starring Cate Blanchett, Rooney Mara, Sarah Paulson, Kyle Chandler
screenplay by Phyllis Nagy, based on the novel The Price of Salt by Patricia Highsmith
directed by Todd Haynes
by Walter Chaw Todd Haynes movies tend to grow on me. I expect that Carol, his adaptation of Patricia Highsmith's The Price of Salt, will do the same. First pass, though, finds me considering a film adapted by a filmmaker I like from an author I adore as fully twenty minutes too long with enough fake-out climaxes and epilogues that you can almost see the air hissing out of it. Maybe it has something to do with the relative straight-forwardness of Haynes's approach here. Gone are the Sirk shrines that indicate his best work as a modern evocation of the great German expat's lush Technicolor tragedies; Carol doesn't pack the same kind of punch, because it doesn't allow us to access it as allegory. A couple of longing, lingering moments shot through snow-wet car windows and in Edward Hopper-framed hotel rooms (it's Haynes's most Wenders work), as well as a final shot that is the picture at its most evocative and unapologetically Romantic, point to the film that might have been. It could have been a more hypnotic exercise. It could have found a certain lulling rhythm in its longueurs. In Carol, the high stylization of Haynes is evoked mainly in the carefully-affected stiffness of the performances. Highsmith's prose is a delight but, freed of the awful gestalt of its pulsing drive, it proves a tall order for the cast asked to speak it.
Carol (Cate Blanchett), trapped in a loveless marriage with everybody's all-American Harge (Kyle Chandler), has a nice interaction one Christmas with mousy shopgirl Therese (Rooney Mara) and soon after embarks on a road trip/affair with her young charge. It's all drowsy, with Therese taking on Highsmith's stock character of emotional cipher and social aspirant against Carol's blue-blood blues. Maybe the problem is that I'm a little tired of Cate Blanchett playing this role. Her lazy drool of classy pronouncements and mums and murmurs never fails to remind me now of her appalling take on elf queen Galadriel--and of the parodies "The Critic" used to do of prestige product like this. (Tarantino was right about her.) It's a shame, too, because she's immensely gifted and could do different things. I'm frankly also a little tired of indie it-girl Rooney Mara (replacing former indie it-girl Mia Wasikowska in this very role), whose glassy detachment only becomes interesting when applied to a rape-revenge fantasy like The Girl with the Dragon Tattoo. Her Therese is meek even in conflict. A late-film argument with an oafish suitor in which she makes a couple of emphatic arm gestures was as surprising and shocking to me as if she'd pulled out an axe and done a Pink Floyd on the room.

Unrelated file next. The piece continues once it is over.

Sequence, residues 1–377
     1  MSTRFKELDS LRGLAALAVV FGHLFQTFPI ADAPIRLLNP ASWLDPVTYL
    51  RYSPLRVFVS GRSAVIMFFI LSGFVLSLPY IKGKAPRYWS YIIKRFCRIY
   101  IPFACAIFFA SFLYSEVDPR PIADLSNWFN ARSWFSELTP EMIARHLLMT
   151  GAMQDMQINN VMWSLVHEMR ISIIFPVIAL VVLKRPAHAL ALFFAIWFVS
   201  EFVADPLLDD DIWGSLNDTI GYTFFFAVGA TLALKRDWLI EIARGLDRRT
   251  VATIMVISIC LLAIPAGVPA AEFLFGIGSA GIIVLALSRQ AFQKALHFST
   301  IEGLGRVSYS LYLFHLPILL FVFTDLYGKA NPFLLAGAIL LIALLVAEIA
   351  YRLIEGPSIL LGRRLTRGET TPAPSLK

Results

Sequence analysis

For all that, for all the fat and looseness of the film and the potential irritations of its casting, Carol still carries a powerful fascination through its bluntness. It's set in 1950 or thereabouts, and the details of the period are meticulous. And it carries a certain fascination as a very fine evocation of its pulp source. Highsmith published the novel under a pseudonym, drawing from her own experiences and those of a friend. It's unique in her library for its relative optimism, its lack of an antihero with obvious actual mental illness--though it still carries with it some essential yearning for belonging. (In that and in its caustic brilliance, Highsmith's literary output has its closest cinematic analogue in Billy Wilder.) In Carol, there's unusual insight and empathy for the misdiagnosis of mental illness and then the sometimes-dangerous, socially-accepted tactics for treatment. It's interesting, for instance, the steps that Harge takes to save his marriage: He tries to assert his status as head of the household; then he tries to assert social mores; then he hires a private detective; then he tries to assert the rule of the law; and then he tries to involve science. At her best, Highsmith's all about cages. Haynes at his best is about cages, too. It's a nice fit, but it's fair to wonder if the fit is so comfortable that Haynes has treated the text like holy relic, or internalized it as his own, and declined to adjust its pace to better lubricate a different medium. Carol is fine. It should have been more than that.